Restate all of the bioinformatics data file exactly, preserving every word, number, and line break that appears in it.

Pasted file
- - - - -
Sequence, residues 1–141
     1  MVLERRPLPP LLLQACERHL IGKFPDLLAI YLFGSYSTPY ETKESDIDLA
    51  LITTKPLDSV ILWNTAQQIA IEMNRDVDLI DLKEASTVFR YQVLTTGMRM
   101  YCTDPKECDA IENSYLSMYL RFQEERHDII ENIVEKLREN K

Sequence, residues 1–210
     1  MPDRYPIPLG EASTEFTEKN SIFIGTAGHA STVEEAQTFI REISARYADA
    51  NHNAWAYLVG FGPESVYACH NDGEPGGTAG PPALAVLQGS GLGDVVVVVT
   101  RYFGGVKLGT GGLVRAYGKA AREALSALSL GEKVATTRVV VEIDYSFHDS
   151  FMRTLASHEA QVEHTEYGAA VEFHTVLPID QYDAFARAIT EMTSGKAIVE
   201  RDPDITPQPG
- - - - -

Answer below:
Sequence, residues 1–141
     1  MVLERRPLPP LLLQACERHL IGKFPDLLAI YLFGSYSTPY ETKESDIDLA
    51  LITTKPLDSV ILWNTAQQIA IEMNRDVDLI DLKEASTVFR YQVLTTGMRM
   101  YCTDPKECDA IENSYLSMYL RFQEERHDII ENIVEKLREN K

Sequence, residues 1–210
     1  MPDRYPIPLG EASTEFTEKN SIFIGTAGHA STVEEAQTFI REISARYADA
    51  NHNAWAYLVG FGPESVYACH NDGEPGGTAG PPALAVLQGS GLGDVVVVVT
   101  RYFGGVKLGT GGLVRAYGKA AREALSALSL GEKVATTRVV VEIDYSFHDS
   151  FMRTLASHEA QVEHTEYGAA VEFHTVLPID QYDAFARAIT EMTSGKAIVE
   201  RDPDITPQPG